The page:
Cervical cancer occurs when the abnormal cells on the cervix grow out of control. It mostly involves the squamous epithelial cells of the cervix. Some of the risk factors include, women engaging in sexual activity at an early age, having multiple sexual partners, women with persistent HPV infection with a high-risk of oncogenic virus types. Male sexual partners can also play a potential role such as having a history of penile condyloma, previously having multiple sexual partners any having a spouse previously who had cervical cancer. Besides, cigarette smoking, use of oral contraceptives, and HIV and immunosuppression have been known to be contributing factors.
Human papillomavirus is sexually transmitted and has been strongly implicated in causing cervical cancers. The high-risk strains being HPV-16 and HPV 18. Oncogenic HPV results in DNA mutation thus uncontrolled cell growth leading to cancerous tumors. Cervical cancers may take long to develop and before it does, the cervix cells often show changes referred to as Cervical Intraepithelial Neoplasia (CIN). If it is undiagnosed and untreated, it spreads to surrounding tissues and organs.
Signs and Symptoms
The first symptoms of cervical cancer are most likely thin, blood-tinged vaginal discharge that the patient might not readily notice. Unusual bleeding then occurs mainly after menopause or in between your periods. Cancer cells increase the vascularity of the cervical microcirculation, and angiogenesis results in the sustained growth of the tumor mass. Ulceration and endophilic or exophilic lesions develop which eventually increases vascular capillary supply increasing the risk of hemorrhages.
When bleeding becomes chronic, anemia, extreme fatigue, and weight loss occur.
One may also experience pain and discomfort during and after sex, after douching or a pelvic exam. Cancer may spread to the surrounding tissues and organs triggering other symptoms such as constipation, loss of appetite, hematuria, bone pain, urine incontinence, severe side or back pain due to hydronephrosis.
The initial step in the diagnosis is an abnormal Pap test result. After taking a medical history, a physical exam including a pelvic exam and Pap test is done. Also, the lymph nodes are checked for any evidence of metastasis. Cervical cancers are mostly suspected in cases of pain during intercourse or abnormal vaginal bleeding.
Papanicolaou (Pap smears) can detect the pre-invasive conditions affecting the surface of the cervix before the invasion of the basement membrane thus increasing the chance of cure and survival.
Pre-invasive diagnosis includes the Squamous Intraepithelial Lesions (SILs), and Cervical Intraepithelial Neoplasia (CIN).
The diagnostic tests done include endocervical scraping and colposcopy (with biopsy). A colposcope is used to examine the cervix. A weak acetic acid solution is added to the cervix for easier viewing of abnormal areas. A biopsy is then done involving removal of a small piece of tissue using a biopsy forceps from the area and studied microscopically.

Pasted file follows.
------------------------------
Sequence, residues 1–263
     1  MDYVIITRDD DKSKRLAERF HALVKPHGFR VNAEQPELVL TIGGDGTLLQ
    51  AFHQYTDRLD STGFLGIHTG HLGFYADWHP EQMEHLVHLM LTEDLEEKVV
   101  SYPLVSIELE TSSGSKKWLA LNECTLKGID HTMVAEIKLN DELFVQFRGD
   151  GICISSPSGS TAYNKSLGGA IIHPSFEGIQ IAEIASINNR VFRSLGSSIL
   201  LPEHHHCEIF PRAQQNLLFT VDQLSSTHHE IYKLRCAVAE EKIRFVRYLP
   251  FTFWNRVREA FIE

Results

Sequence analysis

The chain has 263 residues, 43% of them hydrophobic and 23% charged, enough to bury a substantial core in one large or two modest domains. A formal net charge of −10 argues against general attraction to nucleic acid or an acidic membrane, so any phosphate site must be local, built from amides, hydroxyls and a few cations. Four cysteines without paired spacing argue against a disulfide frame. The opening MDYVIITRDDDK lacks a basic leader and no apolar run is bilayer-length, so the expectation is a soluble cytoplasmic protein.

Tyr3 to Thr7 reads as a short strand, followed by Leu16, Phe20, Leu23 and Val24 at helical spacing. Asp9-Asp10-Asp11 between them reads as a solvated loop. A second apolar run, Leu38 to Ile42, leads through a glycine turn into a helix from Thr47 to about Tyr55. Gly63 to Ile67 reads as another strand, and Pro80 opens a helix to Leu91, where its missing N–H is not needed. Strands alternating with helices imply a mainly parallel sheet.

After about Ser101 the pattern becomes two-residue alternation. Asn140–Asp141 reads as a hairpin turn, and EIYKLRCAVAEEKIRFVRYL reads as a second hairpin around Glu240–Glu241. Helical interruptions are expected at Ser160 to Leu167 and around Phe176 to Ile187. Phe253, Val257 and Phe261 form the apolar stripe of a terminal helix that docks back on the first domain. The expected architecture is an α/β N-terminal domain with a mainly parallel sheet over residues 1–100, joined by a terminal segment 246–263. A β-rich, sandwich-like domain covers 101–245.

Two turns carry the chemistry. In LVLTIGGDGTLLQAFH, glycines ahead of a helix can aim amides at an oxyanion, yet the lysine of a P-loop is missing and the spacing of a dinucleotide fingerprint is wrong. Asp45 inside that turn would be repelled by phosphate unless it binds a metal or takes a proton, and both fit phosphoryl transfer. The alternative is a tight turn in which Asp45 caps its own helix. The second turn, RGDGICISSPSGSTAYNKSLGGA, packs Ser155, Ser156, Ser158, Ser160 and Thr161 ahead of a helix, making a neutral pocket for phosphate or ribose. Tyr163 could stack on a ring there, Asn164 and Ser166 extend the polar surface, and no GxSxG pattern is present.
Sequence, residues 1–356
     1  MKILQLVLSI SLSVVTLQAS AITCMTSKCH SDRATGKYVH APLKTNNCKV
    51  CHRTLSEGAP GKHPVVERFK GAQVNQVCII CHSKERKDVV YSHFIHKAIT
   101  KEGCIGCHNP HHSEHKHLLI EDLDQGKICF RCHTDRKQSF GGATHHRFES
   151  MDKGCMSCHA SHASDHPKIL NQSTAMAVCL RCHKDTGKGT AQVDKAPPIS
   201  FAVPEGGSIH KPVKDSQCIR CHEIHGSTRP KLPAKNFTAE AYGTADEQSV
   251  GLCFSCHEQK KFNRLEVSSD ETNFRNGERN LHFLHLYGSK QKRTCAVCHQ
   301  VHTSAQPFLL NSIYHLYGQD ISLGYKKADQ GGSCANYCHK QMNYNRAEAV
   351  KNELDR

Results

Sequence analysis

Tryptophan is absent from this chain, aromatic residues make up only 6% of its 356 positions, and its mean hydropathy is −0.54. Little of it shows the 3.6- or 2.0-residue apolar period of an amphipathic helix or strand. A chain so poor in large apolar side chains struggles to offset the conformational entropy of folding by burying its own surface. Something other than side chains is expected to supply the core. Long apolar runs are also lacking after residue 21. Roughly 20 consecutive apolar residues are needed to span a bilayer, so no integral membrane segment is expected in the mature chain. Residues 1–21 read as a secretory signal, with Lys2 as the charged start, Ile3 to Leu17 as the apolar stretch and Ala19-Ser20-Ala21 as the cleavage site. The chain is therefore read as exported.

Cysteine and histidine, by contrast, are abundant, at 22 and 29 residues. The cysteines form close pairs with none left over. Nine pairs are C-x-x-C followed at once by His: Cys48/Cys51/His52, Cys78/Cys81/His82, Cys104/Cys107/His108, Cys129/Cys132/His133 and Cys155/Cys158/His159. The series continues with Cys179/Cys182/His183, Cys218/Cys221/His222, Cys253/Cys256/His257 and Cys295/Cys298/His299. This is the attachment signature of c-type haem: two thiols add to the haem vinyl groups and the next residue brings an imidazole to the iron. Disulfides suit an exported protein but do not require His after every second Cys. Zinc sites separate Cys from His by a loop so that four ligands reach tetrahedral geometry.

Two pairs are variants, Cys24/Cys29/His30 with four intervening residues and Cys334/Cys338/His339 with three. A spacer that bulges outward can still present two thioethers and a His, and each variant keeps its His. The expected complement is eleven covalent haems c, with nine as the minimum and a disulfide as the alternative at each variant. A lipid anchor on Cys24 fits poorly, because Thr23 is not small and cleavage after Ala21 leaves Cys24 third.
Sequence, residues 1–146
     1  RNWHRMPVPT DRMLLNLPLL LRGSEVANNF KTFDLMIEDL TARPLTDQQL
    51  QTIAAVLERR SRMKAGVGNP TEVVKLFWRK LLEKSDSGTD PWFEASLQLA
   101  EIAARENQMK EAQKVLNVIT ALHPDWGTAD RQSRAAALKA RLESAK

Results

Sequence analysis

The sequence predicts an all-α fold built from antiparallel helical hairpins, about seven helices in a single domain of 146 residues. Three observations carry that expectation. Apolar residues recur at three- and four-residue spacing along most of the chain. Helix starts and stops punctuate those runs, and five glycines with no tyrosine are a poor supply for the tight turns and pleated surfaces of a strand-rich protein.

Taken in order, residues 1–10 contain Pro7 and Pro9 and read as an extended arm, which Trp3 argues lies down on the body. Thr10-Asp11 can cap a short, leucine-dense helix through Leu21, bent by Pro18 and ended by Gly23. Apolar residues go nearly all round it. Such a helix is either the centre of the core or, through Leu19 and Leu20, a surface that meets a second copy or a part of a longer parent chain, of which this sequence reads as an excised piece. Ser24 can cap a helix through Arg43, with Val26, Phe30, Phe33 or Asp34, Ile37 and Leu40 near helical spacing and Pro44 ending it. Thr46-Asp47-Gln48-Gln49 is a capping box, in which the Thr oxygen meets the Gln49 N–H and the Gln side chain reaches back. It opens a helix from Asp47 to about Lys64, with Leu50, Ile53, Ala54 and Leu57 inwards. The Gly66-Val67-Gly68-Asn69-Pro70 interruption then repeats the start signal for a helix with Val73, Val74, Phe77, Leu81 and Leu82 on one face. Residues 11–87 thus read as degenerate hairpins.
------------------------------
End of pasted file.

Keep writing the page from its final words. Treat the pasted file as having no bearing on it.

Sometimes the transformation zone is not seen using a colposcopy. Hence endocervical scraping is done, this involves taking of scraping of endocervix from endocervical canal using a curette.
Other biopsies include cone biopsy whereby a cone-shaped piece of cervix tissue is removed. This can be used to remove precancers and early cancers.
Treatment depends on how far cancer has spread. Pre-cancer cells are removed through cone biopsy, laser therapy and large loop excision of the transformation zone. The surgeries for cervical cancer includes;
Radical trachelectomy where the cervix, surrounding tissues, and upper vagina are removed. It is done if cancer is diagnosed earlier.
Hysterectomy that involves removal of the cervix and womb depending on cancer stage.
Pelvic exenteration in which the cervix, womb, vagina, fallopian tubes, bladder, ovaries, and rectum are removed. It is done if cancer returns to the pelvis after a treatment course.
Apart from the surgeries, therapies can also be done.Radiotherapy is done to destroy the cancerous cells despite having side effects like infertility, bladder damage, nausea, and diarrhea.
Chemotherapy can be used as a sole treatment to slow down advanced cancers and relieve symptoms.it is given using an intravenous drip. It has side effects such as nausea and vomiting, diarrhea, and hair loss.
Follow-up is important after treatment for testing to look out for signs of cervical cancer returning. Physical examination of the cervix and vagina are usually done.
Borruto, F., & De Ridder, M. (2012). HPV and Cervical Cancer. New York, NY: Springer New York.
Cancer.org,. (2015). Cervical Cancer | Learn About Cancer | American Cancer Society. Retrieved 2 December 2015, from http://www.cancer.org/cancer/cervicalcancer/
Chernecky, C., & Murphy-Ende, K. (2009). Acute care oncology nursing. St. Louis, Mo.: Saunders/Elsevier.
Huether, S., McCance, K., & Parkinson, C. (2013). Study Guide for Understanding Pathophysiology. London: Elsevier Health Sciences.
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